As the show progressed, the theatricality was always there with set pieces that included a New York subway car, the Bethesda fountain in Central Park, and a giant monster puppet. But even so, that theatricality took more and more of a back seat to the talent that is Lady Gaga. She won me over with her non-stop creativity and barrage of ideas.
The Haus of Gaga
What's ironic is that I read a commentary on Lady Gaga and her influence on women in music in Sunday's New York Times. The article, by Jon Caramanica, essentially called into question Lady Gaga's talent and basically dismissed her music as distraction being the whole point. To wit, the pull quote, "Madonna used imagery to smuggle ideas about religion or politics. Most of the Gaga generation is interested in distraction as an end in itself."
Dude, you've totally missed the point.
You've missed the vocal power of Lady Gaga's incredibly strong vocal chords. And her ability to play any number of instruments. And her dance technique, which is more performance art than that of, oh, say Madonna.
As for Madonna, Lady Gaga did give what might've been a veiled reference to the Material Girl. Lady Gaga gave a shout out to the people in the far-off nosebleeds. She recalled sitting up there, in seats like that, watching a bitch onstage and wanting to be like her. But "bitch" is a word thrown around loosely and frequently in the Haus of Gaga. So is "asshole." Her drunken father is her favorite asshole, Lady Gaga confided before her piano - literally - burst into flames while performing Speechless. And her fans are her second-favorite assholes. But, don't get her wrong. Lady Gaga made it a point to also say she wants to be the artist who treats her fans better than any other musician in the history of eternity.
Cool! Go for it.
And it occurred to me, while following the trail of bitches and assholes, maybe when Lady Gaga was recently flipping everybody off at CitiField and (new) Yankee Stadium she was merely demonstrating her love for baseball in her own unique way.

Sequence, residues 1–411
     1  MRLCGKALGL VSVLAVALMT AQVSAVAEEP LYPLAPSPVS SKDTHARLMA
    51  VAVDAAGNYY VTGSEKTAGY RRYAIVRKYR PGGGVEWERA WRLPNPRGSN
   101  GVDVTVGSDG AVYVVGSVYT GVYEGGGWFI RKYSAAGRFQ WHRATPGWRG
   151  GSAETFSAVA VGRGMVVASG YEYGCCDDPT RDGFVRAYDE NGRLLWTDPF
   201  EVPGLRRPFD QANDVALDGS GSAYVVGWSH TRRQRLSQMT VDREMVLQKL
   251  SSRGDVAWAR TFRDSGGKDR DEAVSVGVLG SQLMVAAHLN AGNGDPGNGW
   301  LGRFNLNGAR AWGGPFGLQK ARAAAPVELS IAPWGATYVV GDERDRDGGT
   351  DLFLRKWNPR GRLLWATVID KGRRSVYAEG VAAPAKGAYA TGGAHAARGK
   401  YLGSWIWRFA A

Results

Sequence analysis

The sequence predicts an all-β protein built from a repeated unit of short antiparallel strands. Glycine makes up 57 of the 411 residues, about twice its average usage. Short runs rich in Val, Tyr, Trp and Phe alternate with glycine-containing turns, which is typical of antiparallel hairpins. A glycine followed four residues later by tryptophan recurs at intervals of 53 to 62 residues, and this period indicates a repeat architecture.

I don't think that bitchy attitude is ideal role model material, and I'm glad I don't have kids to contend with in explaining the time and place for Lady Gaga's 'tude. But, at the same time, Lady Gaga's all about empowerment, and, in particular, empowering members of society that are traditionally considered powerless, young girls and homosexuals. I'm neither, but her message is valid all the same. And her choice of favorite cause to promote during the show (much like Bruce Springsteen's efforts to raise awareness for the Food Bank of the Rockies) is Re*Generation, which helps teens rendered homeless by their own parents after outing themselves.
Digging deeper into Lady Gaga's charity work made her all the more interesting and worthy of her growing fan base. Look to the Stars has a very informative article about Lady Gaga's charity work.
Paws up for Lady Gaga.
Her Name Is Lady Gaga and This Is Her Setlist
Lady Gaga introduces herself
Here's the setlist, as supplied by Setlist.fm.
Dance in the Dark
Glitter and Grease
Beautiful, Dirty, Rich
Boys Boys Boys
You and I
So Happy I Could Die